by Risa S. Christensen, Esq.
The “reasonableness” standard has been around for a long time. This is the standard by which officers are instructed to gauge their actions when contemplating whether to use force in the situation before them. So, if officers are taught this in the academy and in on-going training, why are so many officers still being sued? Certainly mistakes happen, and certainly some situations present themselves which were never discussed in the classroom of the academy or in POST hypotheticals. But far too many lawsuits are being brought for situations which are not that unusual, or uncommon, so maybe there’s another reason. Are some officers reacting without thinking, or reacting out of anger or frustration? Or, are some officers simply misinterpreting or misapplying the reasonableness standard?
An officer’s use of force is governed by the reasonableness standard set forth in Graham v. Connor, 490 U.S. 386, 395, 109 S. Ct. 1865, 104 L. Ed. 2d 443 (1989). The “reasonableness inquiry in an excessive force case is an objective one, meaning, the question is whether the officers’ actions are “objectively reasonable” in light of the facts and circumstances confronting them, without regard to their underlying intent or motivation. So, an officer’s own personal feelings, fear, anger, frustration, etc., are not factors but rather the test is based on the perspective of a reasonable officer on the scene. Courts are suppose to determine the reasonableness of the officer’s actions based upon whether another officer standing in this officer’s shoes, reasonably perceived there was a need to use the amount of force used in the given situation.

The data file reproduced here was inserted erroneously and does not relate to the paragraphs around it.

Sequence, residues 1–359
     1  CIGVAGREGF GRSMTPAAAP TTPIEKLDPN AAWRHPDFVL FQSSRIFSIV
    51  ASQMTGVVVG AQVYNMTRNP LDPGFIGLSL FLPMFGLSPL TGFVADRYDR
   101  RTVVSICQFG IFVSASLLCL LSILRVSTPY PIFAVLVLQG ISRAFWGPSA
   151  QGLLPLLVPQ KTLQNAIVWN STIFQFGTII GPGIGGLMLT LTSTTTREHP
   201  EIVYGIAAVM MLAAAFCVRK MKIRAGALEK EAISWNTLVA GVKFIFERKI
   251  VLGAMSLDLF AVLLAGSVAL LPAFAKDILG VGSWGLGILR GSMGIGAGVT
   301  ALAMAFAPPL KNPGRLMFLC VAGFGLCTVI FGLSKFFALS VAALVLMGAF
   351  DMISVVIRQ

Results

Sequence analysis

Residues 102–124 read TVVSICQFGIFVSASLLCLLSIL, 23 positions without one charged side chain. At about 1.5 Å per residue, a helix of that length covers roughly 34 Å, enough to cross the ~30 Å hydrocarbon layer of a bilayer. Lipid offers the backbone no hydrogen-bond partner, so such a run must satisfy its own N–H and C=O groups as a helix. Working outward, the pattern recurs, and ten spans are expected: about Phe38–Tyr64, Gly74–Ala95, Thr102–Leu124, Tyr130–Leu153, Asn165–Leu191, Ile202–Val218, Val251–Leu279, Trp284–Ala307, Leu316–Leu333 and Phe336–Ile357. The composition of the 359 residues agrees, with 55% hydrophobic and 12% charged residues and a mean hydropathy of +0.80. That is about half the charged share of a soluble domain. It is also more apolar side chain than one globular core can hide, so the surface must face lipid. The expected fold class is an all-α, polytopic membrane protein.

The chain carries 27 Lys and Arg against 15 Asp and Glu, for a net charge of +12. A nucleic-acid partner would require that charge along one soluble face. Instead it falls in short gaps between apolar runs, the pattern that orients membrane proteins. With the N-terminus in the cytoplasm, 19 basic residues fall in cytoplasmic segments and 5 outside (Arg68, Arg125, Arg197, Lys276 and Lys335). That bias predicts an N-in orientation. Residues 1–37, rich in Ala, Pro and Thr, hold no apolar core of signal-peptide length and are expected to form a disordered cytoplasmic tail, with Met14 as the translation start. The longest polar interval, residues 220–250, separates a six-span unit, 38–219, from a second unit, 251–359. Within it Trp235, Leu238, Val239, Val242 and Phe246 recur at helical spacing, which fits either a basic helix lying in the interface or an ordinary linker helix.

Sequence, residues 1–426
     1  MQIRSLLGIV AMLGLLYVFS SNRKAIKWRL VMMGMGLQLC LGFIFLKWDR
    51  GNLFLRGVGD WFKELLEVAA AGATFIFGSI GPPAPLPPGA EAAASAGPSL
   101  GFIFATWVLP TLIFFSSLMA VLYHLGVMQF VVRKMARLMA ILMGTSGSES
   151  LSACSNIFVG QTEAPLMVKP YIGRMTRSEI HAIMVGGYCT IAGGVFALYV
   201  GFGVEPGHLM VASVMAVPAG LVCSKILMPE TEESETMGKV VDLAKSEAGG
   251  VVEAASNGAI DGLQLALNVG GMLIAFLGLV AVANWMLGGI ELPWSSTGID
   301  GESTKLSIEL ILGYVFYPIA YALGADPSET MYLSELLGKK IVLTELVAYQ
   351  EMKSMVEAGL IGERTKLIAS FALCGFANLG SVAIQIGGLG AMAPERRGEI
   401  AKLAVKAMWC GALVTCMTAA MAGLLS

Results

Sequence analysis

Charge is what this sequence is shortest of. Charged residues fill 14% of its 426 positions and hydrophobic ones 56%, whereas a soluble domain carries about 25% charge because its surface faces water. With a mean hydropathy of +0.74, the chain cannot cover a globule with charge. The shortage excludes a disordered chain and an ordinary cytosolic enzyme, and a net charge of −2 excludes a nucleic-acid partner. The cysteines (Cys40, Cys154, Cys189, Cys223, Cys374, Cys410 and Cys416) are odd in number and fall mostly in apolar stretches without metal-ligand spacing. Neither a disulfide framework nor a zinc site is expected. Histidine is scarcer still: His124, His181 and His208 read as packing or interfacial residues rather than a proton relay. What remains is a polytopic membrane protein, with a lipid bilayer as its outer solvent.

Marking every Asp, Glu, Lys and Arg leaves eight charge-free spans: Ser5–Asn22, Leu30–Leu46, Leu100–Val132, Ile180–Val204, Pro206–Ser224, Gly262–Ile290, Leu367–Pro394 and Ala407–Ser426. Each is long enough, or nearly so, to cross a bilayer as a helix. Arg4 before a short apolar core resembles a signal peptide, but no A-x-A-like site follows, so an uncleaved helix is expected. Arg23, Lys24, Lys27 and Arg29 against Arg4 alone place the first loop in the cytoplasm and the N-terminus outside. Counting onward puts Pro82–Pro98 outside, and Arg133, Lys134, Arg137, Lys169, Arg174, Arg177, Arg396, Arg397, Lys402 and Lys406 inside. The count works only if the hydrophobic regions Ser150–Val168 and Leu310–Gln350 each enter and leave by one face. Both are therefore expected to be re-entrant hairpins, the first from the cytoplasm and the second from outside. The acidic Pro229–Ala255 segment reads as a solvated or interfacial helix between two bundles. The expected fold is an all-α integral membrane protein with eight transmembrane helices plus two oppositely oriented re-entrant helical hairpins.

The question the officer asks himself should be do I need to use force. And when using force, what amount of force is reasonably necessary under these circumstances. Whatever your decision with respect to whether to use force and the level used, you must remember that you will have to justify your actions to your department and to the public. Later, you may have to justify it before a judge and jury. Always maintain your integrity and professionalism and give plenty of verbal warnings at every level if you are able to do so. Use force only when it is objectively reasonable to do so under the circumstances facing you.
Courts are also instructed to balance the nature and quality of the intrusion on the individual’s Fourth Amendment interests against the countervailing governmental interests at stake. So if the intrusion is extreme such as a high level of force as compared to what the level of resistance the subject presents, a particular level of force may not be reasonable under the circumstances.
Being a law enforcement officer is stressful, but hopefully it’s also very rewarding. Protect your good name and reputation of integrity by remembering the “objectively reasonable” standard when you determine you need to use force in a given situation.